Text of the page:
193735-graham-parker-and-the-rumour-mystery-glue

Graham Parker and the Rumour: Mystery Glue

Mystery Glue has a distinctively appealing mix of hard-boiled attitude and upbeat melody.
Graham Parker
Mystery Glue
Universal
2015-05-18

In his early days Graham Parker shuffled like the rest of us, digging ditches, picking tomatoes, collecting money from pinball machines, working in a bakery, a glove factory, a petrol station, and unloading frozen foods. There may even have been a brief stint as a latex salesman at Vandelay Industries. Parker is certainly no slouch; his total studio album count (including albums recorded with his band the Rumour) is something like 23, plus 20 live albums and 17 compilations. In this context it’s therefore possibly surprising that Mystery Glue is only Graham Parker’s seventh studio album with the Rumour, having disbanded or taken “a very long break” between 1980’s The Up Escalator and 2012’s Three Chords Good. Two years on and they are back, billed as combining (according to Bruce Springsteen) “the best of Van Morrison, Eric Burdon and John Lennon”.

Springsteen’s reference to John Lennon is perhaps the most significant of the three, as Parker’s tone is generally tough and acerbic; Springsteen hits the nail on the head by stating, “Graham’s music was always aggressive sounding because of his voice. He always had that caustic attitude that he balanced with tremendous soul and warmth.” And Mystery Glue does not pull any punches; “My Life In Movieland”, for example, details the harsh reality of the film industry, “Waiting for work that does not appear / The agents avoid me, I’m so last year.” Regardless of the troubled sentiment, films were fundamental to the recent re-launch of the band, with an appearance in Judd Apatow’s enjoyable movie This Is 40 and the Parker-Rumour documentary Don’t Ask Me Questions.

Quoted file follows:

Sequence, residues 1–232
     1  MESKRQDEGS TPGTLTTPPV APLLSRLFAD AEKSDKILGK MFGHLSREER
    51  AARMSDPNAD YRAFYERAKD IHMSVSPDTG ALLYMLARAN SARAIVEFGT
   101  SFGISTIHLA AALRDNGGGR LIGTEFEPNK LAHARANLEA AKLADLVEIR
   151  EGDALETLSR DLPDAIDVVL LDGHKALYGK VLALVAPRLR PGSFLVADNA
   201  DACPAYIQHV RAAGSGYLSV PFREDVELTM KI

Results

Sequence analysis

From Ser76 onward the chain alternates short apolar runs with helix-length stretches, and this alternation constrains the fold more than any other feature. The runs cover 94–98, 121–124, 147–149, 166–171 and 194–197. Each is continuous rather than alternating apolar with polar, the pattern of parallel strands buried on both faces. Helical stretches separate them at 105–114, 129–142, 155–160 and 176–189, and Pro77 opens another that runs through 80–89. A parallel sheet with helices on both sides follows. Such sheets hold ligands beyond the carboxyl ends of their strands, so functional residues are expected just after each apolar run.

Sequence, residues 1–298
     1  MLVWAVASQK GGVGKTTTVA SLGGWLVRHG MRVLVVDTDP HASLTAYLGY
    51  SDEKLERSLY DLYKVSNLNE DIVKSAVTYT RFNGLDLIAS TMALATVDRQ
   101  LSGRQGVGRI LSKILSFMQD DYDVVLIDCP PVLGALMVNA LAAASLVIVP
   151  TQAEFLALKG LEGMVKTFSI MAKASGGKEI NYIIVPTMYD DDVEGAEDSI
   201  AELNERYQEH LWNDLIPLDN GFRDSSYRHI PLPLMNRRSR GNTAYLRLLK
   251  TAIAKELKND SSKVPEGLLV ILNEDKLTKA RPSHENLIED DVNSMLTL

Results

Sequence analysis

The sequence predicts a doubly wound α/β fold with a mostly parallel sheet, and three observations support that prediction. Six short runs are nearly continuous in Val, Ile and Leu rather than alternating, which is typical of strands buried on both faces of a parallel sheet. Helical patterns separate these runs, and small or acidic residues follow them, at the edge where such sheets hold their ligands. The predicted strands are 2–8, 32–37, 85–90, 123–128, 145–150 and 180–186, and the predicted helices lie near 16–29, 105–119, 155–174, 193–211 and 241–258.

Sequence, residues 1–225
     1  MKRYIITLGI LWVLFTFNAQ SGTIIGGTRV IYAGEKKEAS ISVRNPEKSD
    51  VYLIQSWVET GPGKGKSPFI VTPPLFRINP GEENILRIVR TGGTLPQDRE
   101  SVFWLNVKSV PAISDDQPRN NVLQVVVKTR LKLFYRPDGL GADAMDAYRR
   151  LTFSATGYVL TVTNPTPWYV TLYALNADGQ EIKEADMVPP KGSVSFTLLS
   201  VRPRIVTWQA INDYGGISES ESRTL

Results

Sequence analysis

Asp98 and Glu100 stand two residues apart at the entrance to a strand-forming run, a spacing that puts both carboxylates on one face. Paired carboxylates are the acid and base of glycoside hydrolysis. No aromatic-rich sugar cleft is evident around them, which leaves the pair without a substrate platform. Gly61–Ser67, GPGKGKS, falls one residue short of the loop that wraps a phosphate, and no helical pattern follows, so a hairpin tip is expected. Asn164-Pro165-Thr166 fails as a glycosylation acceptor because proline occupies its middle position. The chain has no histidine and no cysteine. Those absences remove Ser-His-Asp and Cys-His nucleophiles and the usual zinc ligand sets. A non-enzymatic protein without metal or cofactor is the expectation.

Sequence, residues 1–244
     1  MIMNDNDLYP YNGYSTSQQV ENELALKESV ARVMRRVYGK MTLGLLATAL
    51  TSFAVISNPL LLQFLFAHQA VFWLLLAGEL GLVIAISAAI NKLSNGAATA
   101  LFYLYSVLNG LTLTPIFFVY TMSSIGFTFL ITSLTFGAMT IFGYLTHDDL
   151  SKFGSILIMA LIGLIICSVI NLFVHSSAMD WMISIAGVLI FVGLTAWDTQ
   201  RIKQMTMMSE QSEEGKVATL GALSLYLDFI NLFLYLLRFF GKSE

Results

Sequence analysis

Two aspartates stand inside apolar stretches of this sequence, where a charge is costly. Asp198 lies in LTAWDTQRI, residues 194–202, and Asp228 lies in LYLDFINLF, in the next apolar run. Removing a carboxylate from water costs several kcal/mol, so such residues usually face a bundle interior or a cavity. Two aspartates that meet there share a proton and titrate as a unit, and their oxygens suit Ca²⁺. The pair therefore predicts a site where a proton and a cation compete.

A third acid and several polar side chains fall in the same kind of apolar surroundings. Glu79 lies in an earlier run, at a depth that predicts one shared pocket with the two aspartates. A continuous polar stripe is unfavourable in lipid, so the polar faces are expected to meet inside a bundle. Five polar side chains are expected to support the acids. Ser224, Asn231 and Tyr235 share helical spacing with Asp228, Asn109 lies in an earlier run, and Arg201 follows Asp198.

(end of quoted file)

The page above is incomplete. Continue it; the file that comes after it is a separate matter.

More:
Despite the tendency towards mordant wit, Parker’s bile is not overdone on Mystery Glue, with love songs like “Transit of Venus” and “Wall of Grace” showing a tenderness towards the often generous, mysterious and big-hearted characters. “Going There” is positively optimistic in the hope of new discoveries notwithstanding globalization and worldwide terrorism. Parker’s voice often sounds appropriately weathered and Dylan-esque, but with clean and big production, this is still a thoroughly cheerful record. Even in political uncertainty, “Swing State” comes across like a barely restrained party with its laws “meant to be broken”.

It could reasonably be said that a few of the tracks are reminiscent of Southside Johnny (“Flying Into London” and “Pub Crawl”) or indeed Springsteen himself (“Railroad Spikes”) due to the prominence of high-spirited R&B (the old school rhythm and blues, not the contemporary stuff we hear or turn off from the radio), but mostly Parker projects himself more like a long-lost soul brother to Hunter S. Thompson. And this is the distinctively appealing thing at the heart of Mystery Glue; the attitude is hard-boiled and slightly crazed, but the music is full of good spirit. “Long Shot” contains more than a dose of oblivion, but it still remains buoyant; the universe is about to fall apart, the clown politicians lie and generally fail us, but compared to David Baerwald’s opus Triage, Parker’s strain of doom is a sunny walk in the park.

The beautifully harmonic “Slow News Day” quietly rails at the inane, with cats stuck up trees, snowboarding chipmunks and camels with three humps. “I‘ve Done Bad Things” contemplates what could have happened to Barack Obama “with no future and no hope” if “busted for a spliff”, and ends up making a serious point in favor of decriminalization (“release the downtrodden from their everlasting plight”). The reggae beats of “Fast Crowd” have the narrator “Loaded up / With two bolt cutters a propane generator / Strong enough to bring down a cow,” and electrocuting someone who has double-crossed the gang the narrator has unluckily fallen into. Ultimately both come to a sticky end, but all in all, the glue that holds the album together is something approaching Gonzo pop — witty, zippy and slightly dangerous. Recorded in just six (what must have been phenomenal) days in London, this record is a whole lot of mischievous fun.

RATING 8 / 10
PopMatters